The History of the River Piave

From the hills of Conegliano and reaching almost to the sea, winding through the plain between Treviso and Venice: this is the Piave DOC zone.

The original course of the River Piave

The Piave was created between 300000 and 20000 BC by glaciation. The bed of the Piave changed dramatically after the glacier retreated, producing morphological changes due to water corrosion. Carbonate, flint, sand and quartz basins formed, brought downstream by the Piave. The abundant floods of the Biadene-Caerano passage, combined with a positive mantel movement, directed the Piave along its present course. The most significant traces of Man's presence date from this period. The alterations made to avoid the lagoon silting up are very obvious around Venice.

During the period of the "paleoveneta" culture (8th-1st c. BC) the Piave was pivotal to human life. It provided food, water, minerals, metals and fertile land. In 148 BC the consul Spurius Postumius Albinus built a consular road to link Genoa and Aquileia, the "Postumia".

This road contributed to the expansion of Rome. By 49 BC, under Augustus, Veneto was completely dominated by Rome and had become the tenth Italian region. The Piave basin was divided into various municipalities - Treviso flourished on the right bank.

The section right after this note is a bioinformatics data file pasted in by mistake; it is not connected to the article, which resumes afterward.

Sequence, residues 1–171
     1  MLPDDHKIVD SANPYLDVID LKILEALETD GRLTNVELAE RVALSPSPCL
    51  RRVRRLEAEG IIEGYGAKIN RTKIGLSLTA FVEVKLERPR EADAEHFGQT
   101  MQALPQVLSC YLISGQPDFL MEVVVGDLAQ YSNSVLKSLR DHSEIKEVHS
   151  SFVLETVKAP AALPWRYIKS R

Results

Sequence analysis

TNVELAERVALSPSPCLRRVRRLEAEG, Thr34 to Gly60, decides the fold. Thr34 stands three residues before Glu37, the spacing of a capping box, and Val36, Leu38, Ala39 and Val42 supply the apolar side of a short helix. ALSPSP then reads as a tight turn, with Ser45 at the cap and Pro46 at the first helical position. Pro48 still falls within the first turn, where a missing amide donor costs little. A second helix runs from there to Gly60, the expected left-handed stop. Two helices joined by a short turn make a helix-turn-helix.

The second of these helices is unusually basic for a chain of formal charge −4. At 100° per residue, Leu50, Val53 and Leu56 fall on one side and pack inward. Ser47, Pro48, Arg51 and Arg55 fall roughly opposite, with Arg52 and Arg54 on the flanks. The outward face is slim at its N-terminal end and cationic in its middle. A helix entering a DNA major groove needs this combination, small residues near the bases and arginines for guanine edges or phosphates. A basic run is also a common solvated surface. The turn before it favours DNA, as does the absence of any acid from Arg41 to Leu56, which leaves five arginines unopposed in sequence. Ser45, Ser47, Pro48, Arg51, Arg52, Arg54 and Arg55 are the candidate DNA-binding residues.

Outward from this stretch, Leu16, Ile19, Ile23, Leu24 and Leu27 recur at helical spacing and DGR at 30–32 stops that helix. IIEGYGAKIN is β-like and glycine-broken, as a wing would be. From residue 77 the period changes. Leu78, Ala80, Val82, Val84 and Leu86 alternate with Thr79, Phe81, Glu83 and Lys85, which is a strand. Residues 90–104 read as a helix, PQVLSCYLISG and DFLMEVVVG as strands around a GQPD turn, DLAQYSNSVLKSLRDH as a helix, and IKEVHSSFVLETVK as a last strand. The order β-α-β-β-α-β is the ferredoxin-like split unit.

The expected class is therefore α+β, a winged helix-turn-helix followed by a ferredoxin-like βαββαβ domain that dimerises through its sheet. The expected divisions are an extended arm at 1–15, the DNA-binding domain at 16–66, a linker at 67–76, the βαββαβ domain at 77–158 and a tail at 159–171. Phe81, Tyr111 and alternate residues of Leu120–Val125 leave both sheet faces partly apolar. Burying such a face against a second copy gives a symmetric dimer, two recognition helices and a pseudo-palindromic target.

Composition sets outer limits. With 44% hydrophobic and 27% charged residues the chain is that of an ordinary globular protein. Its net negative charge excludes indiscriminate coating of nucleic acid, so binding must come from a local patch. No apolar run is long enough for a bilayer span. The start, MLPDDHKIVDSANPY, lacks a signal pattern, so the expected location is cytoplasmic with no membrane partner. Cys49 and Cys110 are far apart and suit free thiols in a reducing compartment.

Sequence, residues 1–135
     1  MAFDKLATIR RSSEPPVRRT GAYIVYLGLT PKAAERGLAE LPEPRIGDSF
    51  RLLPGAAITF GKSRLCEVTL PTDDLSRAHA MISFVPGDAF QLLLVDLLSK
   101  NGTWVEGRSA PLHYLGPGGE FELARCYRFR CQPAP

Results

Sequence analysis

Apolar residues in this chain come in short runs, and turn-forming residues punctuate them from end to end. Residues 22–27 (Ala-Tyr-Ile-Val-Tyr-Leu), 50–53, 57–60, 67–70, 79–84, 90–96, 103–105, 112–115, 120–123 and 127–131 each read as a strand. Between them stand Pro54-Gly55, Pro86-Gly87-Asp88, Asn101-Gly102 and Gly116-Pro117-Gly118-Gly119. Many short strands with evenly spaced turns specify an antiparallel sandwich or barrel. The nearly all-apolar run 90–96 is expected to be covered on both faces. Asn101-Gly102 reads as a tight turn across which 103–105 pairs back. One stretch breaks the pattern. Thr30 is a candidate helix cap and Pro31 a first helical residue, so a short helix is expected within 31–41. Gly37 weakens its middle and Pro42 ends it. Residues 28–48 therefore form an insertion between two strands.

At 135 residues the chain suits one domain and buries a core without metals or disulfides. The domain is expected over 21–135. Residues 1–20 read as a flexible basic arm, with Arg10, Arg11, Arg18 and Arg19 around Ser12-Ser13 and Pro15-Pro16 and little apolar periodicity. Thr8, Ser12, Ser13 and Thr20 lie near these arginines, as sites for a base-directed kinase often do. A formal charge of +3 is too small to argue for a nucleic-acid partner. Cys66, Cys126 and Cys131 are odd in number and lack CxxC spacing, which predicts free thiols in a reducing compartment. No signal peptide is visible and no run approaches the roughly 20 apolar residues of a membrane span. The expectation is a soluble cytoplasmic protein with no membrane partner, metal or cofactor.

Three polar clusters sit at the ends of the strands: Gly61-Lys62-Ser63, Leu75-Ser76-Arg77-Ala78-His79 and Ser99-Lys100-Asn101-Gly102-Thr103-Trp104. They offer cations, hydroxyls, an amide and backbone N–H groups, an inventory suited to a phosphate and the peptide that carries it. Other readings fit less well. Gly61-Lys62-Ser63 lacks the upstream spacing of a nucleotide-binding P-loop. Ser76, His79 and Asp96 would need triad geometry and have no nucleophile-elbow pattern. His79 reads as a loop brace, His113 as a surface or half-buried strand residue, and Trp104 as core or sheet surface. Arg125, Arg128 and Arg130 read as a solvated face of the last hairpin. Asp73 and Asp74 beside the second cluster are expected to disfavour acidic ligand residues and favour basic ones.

In 1534 it was decided to build the great embankment of S. Marco, which moved the lower distributary towards Jesolo. In 1683 an exceptional flood (called the Landrona flood) broke through the sandbank and caused the river to shift towards Cortellazzo, where it still has its mouth. The river played a crucial role during the First World War; Italy's destiny was decided on its banks. Up to the time of the Austrian offensive in the Trentino (Spring 1916), the Piave was considered the point where the Italian army would stand and turn should it be forced to retreat from the Isonzo River. Italy's victory was only assured by the simultaneous action of two divisions of the XXIII army corps carried out between 15 and 23 June. The new Piave Line was moved by eight kilometres so Venice was placed even further out of reach of an enemy attack. And so the Piave was won for Italy.